Data center monitoring – top 3 reasons to deploy
Posted on April 27, 2018 by KVMGalore | 0 comments
Is there a real need for data center monitoring?
We've all heard data centers called "the backbone of the internet" at one point or another. But for many a modern business, these facilities are much more than that. They're the reason that some companies are able to exist at all. Shouldn't we have data center monitoring capabilities to make sure this vital asset operates flawlessly?
Organizations in all industries are more operationally dependent on data centers than ever before, and the proof is in the numbers. According to the Ponemon Institute, the average cost per minute of data center downtime is nearly $9,000. This sum is undoubtedly greater for businesses that rely almost entirely on web resources to function (for instance, consider application-based service delivery models).
There's just too much riding on the operational integrity of your facility to leave it up to chance. Simultaneously, there's a lot to be gained from the ability to continuously monitor your facility's health. Specifically, we recommend you use robust data center monitoring for the following three benefits:
1. Real-time environmental tracking
Mission-critical IT equipment is a lot like we are: It functions best under very specific environmental parameters. The difference is, many facility operators are still trying to push the limits of those environmental standards to improve operational efficiency. Up until fairly recently, data centers played things relatively safe, with the most conservative managers keeping their facilities at about 68 degrees Fahrenheit, and maintaining a relative humidity of 50 percent, according to Data Center Frontier. These were in line with ASHRAE recommendations for safe temperatures (which are non-binding guidelines).
However, many facility operators are learning that they can restructure airflow (e.g. by using rack containment chambers) to keep equipment running at higher temperatures without creating infernal conditions in maintenance aisles. This, of course, comes with its own set of risks, namely how quickly a facility will heat up in the event that the cooling system fails. Having a data center monitoring regiment in place can mitigate this risk.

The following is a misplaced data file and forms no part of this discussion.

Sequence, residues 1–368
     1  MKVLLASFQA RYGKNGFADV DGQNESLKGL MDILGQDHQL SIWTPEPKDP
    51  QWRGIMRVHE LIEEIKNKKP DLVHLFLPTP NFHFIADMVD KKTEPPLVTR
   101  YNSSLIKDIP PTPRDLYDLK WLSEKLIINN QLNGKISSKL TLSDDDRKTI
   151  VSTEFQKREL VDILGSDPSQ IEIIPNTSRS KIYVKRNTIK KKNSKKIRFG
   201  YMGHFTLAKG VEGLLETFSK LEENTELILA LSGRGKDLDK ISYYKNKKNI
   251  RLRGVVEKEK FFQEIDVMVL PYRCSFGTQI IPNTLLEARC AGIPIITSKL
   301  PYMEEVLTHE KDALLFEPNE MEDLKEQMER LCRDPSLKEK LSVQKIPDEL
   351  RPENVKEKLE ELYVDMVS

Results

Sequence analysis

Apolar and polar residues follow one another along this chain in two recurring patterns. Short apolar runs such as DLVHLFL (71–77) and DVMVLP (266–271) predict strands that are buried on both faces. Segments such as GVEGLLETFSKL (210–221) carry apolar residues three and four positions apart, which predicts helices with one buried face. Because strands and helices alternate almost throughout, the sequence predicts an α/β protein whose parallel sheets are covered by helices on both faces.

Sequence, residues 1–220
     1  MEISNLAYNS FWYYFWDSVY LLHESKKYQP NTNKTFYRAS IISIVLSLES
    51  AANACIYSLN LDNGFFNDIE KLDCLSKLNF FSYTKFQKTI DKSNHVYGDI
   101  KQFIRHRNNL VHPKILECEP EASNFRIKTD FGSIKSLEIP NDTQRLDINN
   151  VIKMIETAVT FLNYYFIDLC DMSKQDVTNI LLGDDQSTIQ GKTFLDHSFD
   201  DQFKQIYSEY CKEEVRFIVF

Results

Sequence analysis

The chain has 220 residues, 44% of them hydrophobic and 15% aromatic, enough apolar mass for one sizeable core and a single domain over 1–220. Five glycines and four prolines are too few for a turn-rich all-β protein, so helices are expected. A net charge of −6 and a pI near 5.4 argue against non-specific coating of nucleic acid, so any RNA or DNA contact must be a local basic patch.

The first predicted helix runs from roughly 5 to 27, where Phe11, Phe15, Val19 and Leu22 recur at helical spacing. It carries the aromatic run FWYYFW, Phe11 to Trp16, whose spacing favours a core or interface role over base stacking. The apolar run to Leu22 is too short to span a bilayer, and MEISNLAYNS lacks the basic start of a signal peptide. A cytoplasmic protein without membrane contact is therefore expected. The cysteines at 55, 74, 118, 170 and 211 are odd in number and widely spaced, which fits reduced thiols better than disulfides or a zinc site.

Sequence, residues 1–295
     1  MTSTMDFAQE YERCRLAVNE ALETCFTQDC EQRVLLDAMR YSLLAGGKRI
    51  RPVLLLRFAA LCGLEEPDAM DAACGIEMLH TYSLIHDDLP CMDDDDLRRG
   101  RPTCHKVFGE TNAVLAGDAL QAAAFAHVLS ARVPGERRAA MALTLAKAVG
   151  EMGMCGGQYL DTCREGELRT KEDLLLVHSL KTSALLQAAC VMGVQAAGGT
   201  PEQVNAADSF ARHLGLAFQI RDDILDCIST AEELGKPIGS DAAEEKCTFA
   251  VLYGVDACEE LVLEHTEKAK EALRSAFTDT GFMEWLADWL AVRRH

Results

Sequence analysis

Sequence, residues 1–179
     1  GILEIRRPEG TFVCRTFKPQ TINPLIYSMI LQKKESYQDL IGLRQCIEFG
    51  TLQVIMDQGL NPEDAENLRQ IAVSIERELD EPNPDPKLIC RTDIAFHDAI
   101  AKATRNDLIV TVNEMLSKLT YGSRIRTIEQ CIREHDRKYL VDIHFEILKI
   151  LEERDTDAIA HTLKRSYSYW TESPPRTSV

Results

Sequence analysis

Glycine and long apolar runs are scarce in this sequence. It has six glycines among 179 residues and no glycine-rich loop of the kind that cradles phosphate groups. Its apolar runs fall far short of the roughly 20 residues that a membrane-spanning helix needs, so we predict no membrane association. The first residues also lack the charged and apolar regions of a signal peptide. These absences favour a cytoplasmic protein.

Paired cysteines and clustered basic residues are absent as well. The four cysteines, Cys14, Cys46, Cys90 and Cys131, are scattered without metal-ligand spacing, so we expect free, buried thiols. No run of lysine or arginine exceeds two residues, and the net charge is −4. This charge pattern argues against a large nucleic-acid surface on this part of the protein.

While we can't necessarily tell you what approach is best for your infrastructure, we can make recommendations regarding the most important environmental conditions to monitor in real time to create an efficient operating environment that can fail safely. These include:
- Temperature: Monitor at six points in each rack (top, middle, bottom in both the front and back)
- Relative humidity: Measures the air's moisture saturation based on the current temperature (warmer air can hold more moisture than cool air).
- Dew point: The temperature at which moisture in the air condenses as dew.
2. Automatic alert systems
In the event that a threshold is exceeded that might put your data center operation or certain critical equipment at risk, designated staff need to know sooner than later.
For example, it's not enough to just track relative humidity, and check up on it from time to time to make sure everything is on the up and up. If relative humidity is too high, moisture may begin to collect on sensitive equipment, which could induce damage to circuits in the near term and corroded metal in the long term. Conversely, if relative humidity is too low, the air will begin to generate electrostatic charges that can damage sensitive electronics. What good would it be to learn this after it happens?
And that's where automatic alerting systems come into the picture. Using SMS, SNMP or email, staff can be remotely notified the second an environmental threshold reaches an unsafe level. This allows them to respond quickly to reverse the trajectory of an operational disruption while its still in the early stages.
3. Long-term operational integrity
There's some debate regarding the impact that certain environmental factors have on the long-term operational integrity of mission-critical equipment. Temperature, for example, is a point of contention. Many organizations have found that running servers and switches above 80 degrees Fahrenheit is not a detriment to their short-term or long-term performance. Based on our experience in the industry, though, some managers swear that it does.
But then there's the uninterruptible power supply (UPS) to consider. Despite its name, UPS failures have long been the top cause of data center downtime. There are several reasons for this. First, the UPS tends to be a little too out-of-sight, out-of-mind for many facilities. It's the sort of thing that you don't really use until you need it, and when you need it, you really need it.
Furthermore, unlike IT equipment, a battery-powered UPS is in fact highly sensitive to environmental conditions. They should be stored in conditions between 65 and 70 degrees Fahrenheit. Performance and battery life can suffer substantially outside these ranges. Considering the UPS is your last line of defense against downtime, deviating from this range is never a risk worth taking.
Finally, in regard to humidity, the issue is a little more cut and dry. As we pointed out, moisture doesn't play well with electrical circuitry. Years of over-exposure to humid air can cause sensitive electrical components to corrode and give out sooner than they should.
In short then, yes, environmental conditions can have a long-term impact on operational integrity of critical equipment. Deploy environmental monitoring systems to make sure that doesn't happen.
Categories: Environment Monitors